TELEPHONE TO THE DIVINE ::
SE YOON PARK, GJ KIMSUNKEN + JOSEPH HART
OPENING 06.13.19 | 6PM – 9PM
ON VIEW 06.14.19 – EXTENDED UNTIL07.28.19
C A R V A L H O P A R K announces the opening of Telephone to the Divine, an exhibition in which works by Se Yoon Park, GJ Kimsunken and Joseph Hart are prompted and dictated by an eternal impulse to trace experience. A sense of the self and responsiveness pervade the work – be it a gesture revealing the angle or perspective by which the artist faced his work, the pressure applied equating the gravity of the artist’s questions, a contour – open or closed – realized by the day’s resounding mood. It is an abiding inclination that ties directness with truthfulness, in the process of making or in harnessing the purest of mediums :: light and shadow. Telephone to the Divine opens the evening of June 13 and will be on view through July 28.
SE YOON PARK
It is put forth here that the inherent beauty of the inanimate object is interlocked with light. With the exquisite formal clarity that comes from the mind of the architect, the three-dimensional symmetries in Park’s objects manifest, spiral and dispel, to affect contrasts of light and shadow on the works’ surfaces. As static objects are activated by these contrasts, the meaning of Park’s symmetries becomes lucid :: In the series Light Grows Darkness Grows the base stands in flat symmetry. The middle symmetries – twisting angles and planes – maximize contrasts, while the top’s continuing contours heighten light by allowing seventy percent of the sculpture’s surface to be illuminated. One knows symmetry as fifty // fifty; yet Park’s symmetries never give equally to light and shadow. Acknowledging darkness’s presence as cyclical and ever crucial, Park’s contours, in this elemental duality, aspire to light.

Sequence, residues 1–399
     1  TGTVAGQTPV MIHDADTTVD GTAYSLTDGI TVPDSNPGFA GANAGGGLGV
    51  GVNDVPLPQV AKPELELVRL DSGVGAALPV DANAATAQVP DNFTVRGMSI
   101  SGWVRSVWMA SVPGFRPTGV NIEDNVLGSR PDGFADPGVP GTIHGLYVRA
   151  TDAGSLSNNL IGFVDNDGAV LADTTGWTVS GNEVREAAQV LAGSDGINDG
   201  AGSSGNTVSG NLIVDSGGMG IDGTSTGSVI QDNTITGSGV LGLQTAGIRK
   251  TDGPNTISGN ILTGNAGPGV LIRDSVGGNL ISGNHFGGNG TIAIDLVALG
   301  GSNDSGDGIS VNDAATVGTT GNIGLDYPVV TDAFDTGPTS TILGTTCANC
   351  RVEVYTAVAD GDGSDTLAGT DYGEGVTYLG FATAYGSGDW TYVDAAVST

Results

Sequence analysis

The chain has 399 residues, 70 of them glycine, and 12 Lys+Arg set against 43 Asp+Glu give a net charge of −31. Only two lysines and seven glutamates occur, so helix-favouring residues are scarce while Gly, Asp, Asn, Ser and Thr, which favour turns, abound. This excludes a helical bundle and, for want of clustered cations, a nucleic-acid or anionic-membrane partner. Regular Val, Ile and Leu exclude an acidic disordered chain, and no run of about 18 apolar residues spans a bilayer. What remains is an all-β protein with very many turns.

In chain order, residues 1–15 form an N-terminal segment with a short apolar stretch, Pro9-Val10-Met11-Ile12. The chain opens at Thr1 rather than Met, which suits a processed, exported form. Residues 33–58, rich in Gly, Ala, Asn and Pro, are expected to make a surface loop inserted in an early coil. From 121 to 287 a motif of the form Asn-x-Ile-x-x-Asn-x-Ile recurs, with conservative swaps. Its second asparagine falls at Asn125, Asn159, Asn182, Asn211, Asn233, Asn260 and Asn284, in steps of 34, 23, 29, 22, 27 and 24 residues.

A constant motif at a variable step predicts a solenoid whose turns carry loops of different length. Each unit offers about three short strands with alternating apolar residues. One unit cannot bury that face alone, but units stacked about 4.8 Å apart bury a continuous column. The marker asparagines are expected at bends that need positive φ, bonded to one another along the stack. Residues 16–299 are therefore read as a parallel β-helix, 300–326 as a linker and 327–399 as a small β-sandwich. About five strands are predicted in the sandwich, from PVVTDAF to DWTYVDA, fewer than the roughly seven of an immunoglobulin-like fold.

These are fundamentally and persistently personal structures. In balance with the work’s adherence to precision of form, autobiography pervades Park’s work. In this exhibition, Park imparts the deeply personal nature of his objects in a towering installation – artist-built shelves extending twenty-four feet across the gallery – containing tiered rows of sculptures – an affecting catalogue of works that, when taken in from left to right, reads as diary. The rawness of a surface is analogous to turbulence, while color relates to mood or sensation. Titles such as Vulnerable, Void or Crossroads underscore the visual metaphors of the artist’s temperaments, toils, self actualizations – recorded states of emotion and perspective, executed over a four-year period. This is the first time, together or separate, these works are being presented.
Kimsunken, with authenticity of gesture, and by the presence and absence of the materiality of paint, addresses questions about the existence of us :: who we are, why we are, what we are for. In the artist's singular, elegant erasures is the attempt to distill and universalize individual experience. In the works' verticality is the human figure, and in its solidity, a physical presence. One can feel the artist standing and questioning in front of the work, scraping away layers of paint in an act that is at once creation and division. While overwhelming minimalist, here is also an affinity with action painting, in that the works aspire to an experience of immediacy and presence. And in these works, one gets a sense of his own presence, while simultaneously being offered a place of meditation.